It began with the tune Just A Lucky So and So last night. The 1945 Duke Ellington song with lyrics by Mack David. It did seem that everyone who met gave each other friendly hellos and hugs. Each feeling, with tickets all sold out, just lucky to be part of Paul Marinaro’s homecoming concert at MusicalFare Premier Cabaret Lounge. And, what a homecoming it was.
Backed by a world-class trio of jazz musicians in Ben Paterson on piano, John Tate on bass, and Carmen Intorre, Jr. on drums, Marinaro put on a dazzling show. A show, which felt like you were in the living room of his family’s home. Comfortably sharing stories about each song, laughing it up with the band, and being urged on by the large contingent of Marinaro family members in the audience. By the end of the evening, you would not have minded your last name being referred to as Marinaro for few hours.
Telling the story of how he came upon his father’s old 78RPM vinyl recording of That Old Black Magic, Paul launched into a swinging version that began with a subtle yet hard swing intro by Intorre on drums. An example how Marinaro let the band shine in their moments. On Devil May Care, the superb intro on bass only with John Tate was captivating and included space for Ben Paterson to solo. Showcasing this amazingly gifted pianist talents. His piano lyrical style on Don’cha Go Away Mad evoked feelings of Fats Waller like madness indeed.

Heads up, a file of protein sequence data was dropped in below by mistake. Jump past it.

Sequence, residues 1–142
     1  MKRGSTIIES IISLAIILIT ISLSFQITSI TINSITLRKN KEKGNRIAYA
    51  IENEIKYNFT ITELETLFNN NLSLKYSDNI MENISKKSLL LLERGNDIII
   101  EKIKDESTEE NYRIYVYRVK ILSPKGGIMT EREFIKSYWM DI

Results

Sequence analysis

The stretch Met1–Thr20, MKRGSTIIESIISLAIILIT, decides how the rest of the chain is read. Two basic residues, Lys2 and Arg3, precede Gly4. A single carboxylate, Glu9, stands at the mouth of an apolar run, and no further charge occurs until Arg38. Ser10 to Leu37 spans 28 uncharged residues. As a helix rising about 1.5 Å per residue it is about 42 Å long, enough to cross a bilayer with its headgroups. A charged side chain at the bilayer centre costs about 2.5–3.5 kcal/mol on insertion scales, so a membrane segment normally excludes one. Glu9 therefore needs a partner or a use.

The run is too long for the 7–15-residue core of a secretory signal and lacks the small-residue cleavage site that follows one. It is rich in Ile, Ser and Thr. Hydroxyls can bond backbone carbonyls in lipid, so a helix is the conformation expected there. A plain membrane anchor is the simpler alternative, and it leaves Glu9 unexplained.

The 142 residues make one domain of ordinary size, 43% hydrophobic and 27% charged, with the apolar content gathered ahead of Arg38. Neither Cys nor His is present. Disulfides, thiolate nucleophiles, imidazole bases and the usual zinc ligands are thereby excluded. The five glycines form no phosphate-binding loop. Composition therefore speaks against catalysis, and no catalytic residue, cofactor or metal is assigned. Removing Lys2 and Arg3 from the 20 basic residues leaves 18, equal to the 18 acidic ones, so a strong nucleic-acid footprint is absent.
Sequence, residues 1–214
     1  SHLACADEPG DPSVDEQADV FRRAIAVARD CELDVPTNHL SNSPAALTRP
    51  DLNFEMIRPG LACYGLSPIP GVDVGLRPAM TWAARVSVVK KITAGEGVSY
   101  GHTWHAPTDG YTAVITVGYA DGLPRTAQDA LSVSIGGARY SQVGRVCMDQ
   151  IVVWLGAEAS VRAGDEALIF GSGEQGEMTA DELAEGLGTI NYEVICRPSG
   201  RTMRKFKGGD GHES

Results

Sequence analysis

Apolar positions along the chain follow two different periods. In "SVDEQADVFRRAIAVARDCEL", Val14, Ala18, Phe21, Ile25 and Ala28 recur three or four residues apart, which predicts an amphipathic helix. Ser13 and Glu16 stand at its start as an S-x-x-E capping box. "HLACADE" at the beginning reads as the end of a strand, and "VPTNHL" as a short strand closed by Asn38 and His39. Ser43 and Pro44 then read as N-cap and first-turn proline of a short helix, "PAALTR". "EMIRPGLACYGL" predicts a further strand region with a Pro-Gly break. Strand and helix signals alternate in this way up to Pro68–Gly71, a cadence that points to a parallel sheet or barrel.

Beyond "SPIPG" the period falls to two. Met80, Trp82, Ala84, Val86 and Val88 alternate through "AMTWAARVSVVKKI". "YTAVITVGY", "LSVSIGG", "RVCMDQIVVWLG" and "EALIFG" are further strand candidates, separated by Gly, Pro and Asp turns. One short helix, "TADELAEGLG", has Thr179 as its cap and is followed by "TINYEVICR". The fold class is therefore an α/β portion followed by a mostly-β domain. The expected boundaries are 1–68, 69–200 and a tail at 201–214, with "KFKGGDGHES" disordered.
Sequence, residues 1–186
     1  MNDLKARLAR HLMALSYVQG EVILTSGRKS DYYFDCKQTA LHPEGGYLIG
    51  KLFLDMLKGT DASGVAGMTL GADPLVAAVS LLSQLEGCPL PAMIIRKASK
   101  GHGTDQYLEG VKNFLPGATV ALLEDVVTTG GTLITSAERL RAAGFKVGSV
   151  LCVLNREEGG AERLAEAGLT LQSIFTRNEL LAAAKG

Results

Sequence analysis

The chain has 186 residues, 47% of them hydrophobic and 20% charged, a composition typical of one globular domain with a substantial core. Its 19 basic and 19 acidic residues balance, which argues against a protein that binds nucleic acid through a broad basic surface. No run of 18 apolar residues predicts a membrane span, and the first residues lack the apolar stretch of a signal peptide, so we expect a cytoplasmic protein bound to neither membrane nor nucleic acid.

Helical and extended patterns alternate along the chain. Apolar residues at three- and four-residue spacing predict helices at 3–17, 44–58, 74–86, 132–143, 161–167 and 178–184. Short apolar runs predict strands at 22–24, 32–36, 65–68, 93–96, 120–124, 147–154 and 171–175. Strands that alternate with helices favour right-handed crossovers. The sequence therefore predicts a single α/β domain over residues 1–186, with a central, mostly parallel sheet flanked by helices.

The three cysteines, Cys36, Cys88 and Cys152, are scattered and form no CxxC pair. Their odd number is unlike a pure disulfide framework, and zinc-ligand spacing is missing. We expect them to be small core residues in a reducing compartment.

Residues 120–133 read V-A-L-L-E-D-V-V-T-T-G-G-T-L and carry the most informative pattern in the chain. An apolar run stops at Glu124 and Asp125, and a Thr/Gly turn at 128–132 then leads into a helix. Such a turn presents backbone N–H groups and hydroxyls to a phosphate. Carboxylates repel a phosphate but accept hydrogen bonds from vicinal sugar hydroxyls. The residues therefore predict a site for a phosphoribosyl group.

Paul weaved in stories about his past and chasing dreams. With a nice intro opening with John Tate on bass, he sang I’ve Got The World On A String like a man who is chasing a dream and is getting closer to catching it. With a recent release of a CD and live CD in the works as well as a uniquely packaged Vinyl edition of the Without A Song concept album, there is no doubt Marinaro is ascending in the world of jazz.
On Jobim’s Outra Vez, Paul’s story of faking Portuguese language for a while with the use of Sicilian, shall we say dialect, brought roars of laughter from the audience. However, when he began, Marinaro’s vocals shows amazing control and accentuating of notes as well as lyrics; a thing of beauty as is the song. The song also showcased the improvisational skills of Carmen Intorre on drums with unique shifts in patterns on this Bossa Nova tune. On the song Caravan, the band’s rhythmic excellence, as well as, an Intorre solo backed the impressive vocal styling of Marinaro.
Here’s To Life
Marinaro ended the night with the tune Here’s To Life, Shirley Horn’s signature song. Beforehand, talking about still chasing the dream and having no regrets in doing so. The move to Chicago being a calling he had to follow to see if he can catch the dream of being a jazz singer. The lyrics sang in a heartfelt way with deep moving resonance whereby the audience was visibly moved to a standing ovation. You see, the lyrics sum it up:
No complaints and no regrets
I still believe in chasing dreams and placing bets
For I have learned that all you give is all you get
So give it all you've got
A lucky night for many of us it was. Including having the presence of jazz royalty in the audience as the daughter of Oscar Peterson attended this show. Paul Marinaro will be here for two more shows. Chasing the dream. If you are not one of the lucky ones with a ticket, get his Without A Song CD and upcoming live CD. You will undoubtedly feel you are part of a large extended Marinaro family.
Keep Jazz Alive In WNY!!